The Shore Voice ticket, which includes five North Shore City councillors, is being investigated for allegedly asking voters to participate in a survey with a $15,000 prize draw.
Detective Senior Sergeant Brett Batty, of the North Shore police, yesterday said this followed a complaint to the Auckland electoral officer, Dale Ofsoske, by the Citizens & Ratepayers Association.
Police are focusing on the bribery clause in the Local Electoral Act.
This says it is an offence punishable by up to two years in jail to offer or give money to voters.
A separate police inquiry is being made into a possible voting scam in Papatoetoe, South Auckland, which could involve more than 1000 voters.
Police are concentrating on 306 names which have been removed from the roll by the Electoral Enrolment Centre, but sources said that number was the tip of the iceberg.
Last night, there were conflicting interpretations between Shore Voice leader Chris Darby and the company providing email survey work for the ticket about entering voters into a $15,000 prize draw.
Q Group head Kevin Francis said the company sent emails asking voters to register with Shore Voice.
In the next sentence, the email invited voters to click on another information link to go into a draw for $15,000.
"The act of doing that puts you in the draw," Mr Francis said.
Mr Darby, a North Shore City councillor, said the political group had never thought of treating, bribery or inducements for voters.
He said the survey copy seen and approved by the group did not include any financial inducements.
Mr Darby said C&R was trying to smear Shore Voice because its polling showed Shore Voice was rattling its Auckland City-based rival.
The other four city councillors standing for Shore Voice are Dianne Hale, former Labour MP Ann Hartley, Margaret Miles and businessman Kevin Schwass.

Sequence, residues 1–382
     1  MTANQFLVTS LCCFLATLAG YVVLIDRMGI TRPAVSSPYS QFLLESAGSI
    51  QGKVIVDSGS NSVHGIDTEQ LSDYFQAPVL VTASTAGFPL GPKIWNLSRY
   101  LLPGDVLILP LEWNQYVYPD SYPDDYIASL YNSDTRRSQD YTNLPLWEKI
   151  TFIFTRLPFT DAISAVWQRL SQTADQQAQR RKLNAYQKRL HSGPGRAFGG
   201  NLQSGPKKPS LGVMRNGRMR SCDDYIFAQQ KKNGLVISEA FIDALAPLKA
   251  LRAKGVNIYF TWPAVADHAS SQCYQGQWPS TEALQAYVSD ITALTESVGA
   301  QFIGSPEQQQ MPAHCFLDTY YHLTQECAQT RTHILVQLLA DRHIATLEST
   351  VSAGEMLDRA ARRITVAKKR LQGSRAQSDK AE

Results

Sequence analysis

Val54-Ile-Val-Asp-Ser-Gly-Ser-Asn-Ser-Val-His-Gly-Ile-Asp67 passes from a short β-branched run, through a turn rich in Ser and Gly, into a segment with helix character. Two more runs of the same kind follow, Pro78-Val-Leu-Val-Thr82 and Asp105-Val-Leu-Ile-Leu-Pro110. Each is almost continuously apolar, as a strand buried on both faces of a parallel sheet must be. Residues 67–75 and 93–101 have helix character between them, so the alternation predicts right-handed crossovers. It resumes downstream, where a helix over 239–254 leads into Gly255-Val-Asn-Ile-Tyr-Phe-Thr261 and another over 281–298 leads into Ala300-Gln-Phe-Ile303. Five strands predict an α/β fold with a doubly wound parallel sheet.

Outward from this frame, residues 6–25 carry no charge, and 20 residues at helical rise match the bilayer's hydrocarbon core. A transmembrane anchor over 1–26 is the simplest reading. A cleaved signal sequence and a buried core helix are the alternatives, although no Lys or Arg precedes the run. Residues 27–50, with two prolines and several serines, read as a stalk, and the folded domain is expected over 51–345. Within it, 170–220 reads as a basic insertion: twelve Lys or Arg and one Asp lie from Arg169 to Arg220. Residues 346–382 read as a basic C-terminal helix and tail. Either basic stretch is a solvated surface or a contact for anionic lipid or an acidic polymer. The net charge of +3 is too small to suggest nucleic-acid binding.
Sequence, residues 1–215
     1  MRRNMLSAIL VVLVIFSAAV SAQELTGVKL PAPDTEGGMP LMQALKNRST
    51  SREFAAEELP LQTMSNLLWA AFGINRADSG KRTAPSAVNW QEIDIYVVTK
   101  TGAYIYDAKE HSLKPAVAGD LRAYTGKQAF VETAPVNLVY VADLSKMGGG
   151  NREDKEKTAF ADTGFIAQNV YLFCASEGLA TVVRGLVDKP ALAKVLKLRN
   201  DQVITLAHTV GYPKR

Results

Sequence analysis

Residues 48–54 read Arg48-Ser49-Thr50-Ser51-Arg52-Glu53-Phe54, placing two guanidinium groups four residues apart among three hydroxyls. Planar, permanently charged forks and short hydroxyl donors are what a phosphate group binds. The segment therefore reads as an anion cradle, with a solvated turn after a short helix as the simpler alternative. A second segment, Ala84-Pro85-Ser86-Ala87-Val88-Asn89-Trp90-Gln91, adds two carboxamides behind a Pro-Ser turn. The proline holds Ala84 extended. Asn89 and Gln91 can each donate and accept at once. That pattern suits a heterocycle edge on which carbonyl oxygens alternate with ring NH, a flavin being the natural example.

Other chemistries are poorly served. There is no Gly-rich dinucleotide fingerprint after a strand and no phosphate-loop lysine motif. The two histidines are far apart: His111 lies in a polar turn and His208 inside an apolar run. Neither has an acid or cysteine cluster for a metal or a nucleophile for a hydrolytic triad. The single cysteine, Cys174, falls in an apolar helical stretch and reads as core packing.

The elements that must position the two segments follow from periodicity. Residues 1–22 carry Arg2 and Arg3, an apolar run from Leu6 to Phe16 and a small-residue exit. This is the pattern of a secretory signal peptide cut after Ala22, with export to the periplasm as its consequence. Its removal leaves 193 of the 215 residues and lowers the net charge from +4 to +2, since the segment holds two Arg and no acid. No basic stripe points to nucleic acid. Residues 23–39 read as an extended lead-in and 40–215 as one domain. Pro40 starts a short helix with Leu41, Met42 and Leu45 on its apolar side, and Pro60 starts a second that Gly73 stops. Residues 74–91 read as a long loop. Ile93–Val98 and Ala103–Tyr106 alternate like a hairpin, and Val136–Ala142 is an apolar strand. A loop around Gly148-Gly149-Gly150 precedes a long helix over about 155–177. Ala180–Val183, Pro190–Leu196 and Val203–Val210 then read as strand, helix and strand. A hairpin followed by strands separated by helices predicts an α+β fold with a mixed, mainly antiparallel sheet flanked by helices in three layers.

With 12 other candidates, the ticket is contesting the North Shore and Albany wards on the Auckland Council and the Hibiscus & Bays, Upper Harbour, Devonport-Takapuna, and Kaipatiki local boards.
C&R president John Slater, who calls Shore Voice a "Labour Party-aligned ticket", said the right-leaning group would assist the authorities.
Meanwhile, Detective Inspector Mark Gutry yesterday said police were making good progress on the possible Papatoetoe voting scam, and hoped to wrap it up before the postal election closed on October 9.
Up to 40 officers are working on the inquiry.
Mr Gutry said he expected the figure of 306 falsely enrolled voters to increase, but would not comment further.
People living in Hamilton, Tauranga and Hastings have allegedly been enrolled in the Papatoetoe subdivision of the Otara-Papatoetoe Local Board.
Electoral Enrolment Centre executive Murray Wicks said the 306 people dropped from the roll included seven from Tauranga, eight from the Western Bay of Plenty and 291 from Auckland, mostly South Auckland.
A field officer contracted to the Electoral Enrolment Centre to enrol Indian community voters has denied being involved in the alleged scam.
Harjinder Singh, editor of the Punjabi News website, was named in an official letter of complaint to Mr Ofsoske. The letter was passed on to the police.
Mr Singh said he visited Hindu and Sikh temples on Sundays to help people fill out voter forms, and handed out forms which people completed and returned in pre-paid envelopes.
He did not know how many people he had enrolled in total, but said it was sometimes up to 50 a day.
Mr Singh said he never enrolled anyone outside of Papatoetoe in the subdivision of the local board. He said police had not spoken to him.
Mr Wicks would not say if Harjinder Singh had enrolled any of the 306 removed voters.
The Weekend Herald revealed the Super City police inquiry a fortnight ago after visiting two Papatoetoe addresses where nearly 90 people were enrolled.
It is understood that Daljit Singh, one of two Labour Party candidates in the Papatoetoe subdivision, has now spoken to police.
He was trying to arrange a meeting with detectives on Thursday night, but did not return telephone calls yesterday.
Earlier in the week, police visited Daljit Singh's real estate office and took his laptop computer.
Mr Singh said he had done nothing wrong and was the victim of a politically motivated smear campaign.
Acknowledgements: Weekend Herald